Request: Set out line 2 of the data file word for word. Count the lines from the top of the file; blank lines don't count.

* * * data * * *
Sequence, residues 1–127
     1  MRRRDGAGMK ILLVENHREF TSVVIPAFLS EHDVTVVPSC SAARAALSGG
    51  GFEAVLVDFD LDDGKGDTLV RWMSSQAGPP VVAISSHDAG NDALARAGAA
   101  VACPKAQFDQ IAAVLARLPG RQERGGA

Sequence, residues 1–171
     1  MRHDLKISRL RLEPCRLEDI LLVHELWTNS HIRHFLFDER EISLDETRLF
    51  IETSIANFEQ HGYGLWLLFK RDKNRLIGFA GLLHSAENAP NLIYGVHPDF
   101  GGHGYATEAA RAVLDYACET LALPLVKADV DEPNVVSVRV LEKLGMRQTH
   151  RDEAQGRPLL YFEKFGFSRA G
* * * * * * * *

     1  MRRRDGAGMK ILLVENHREF TSVVIPAFLS EHDVTVVPSC SAARAALSGG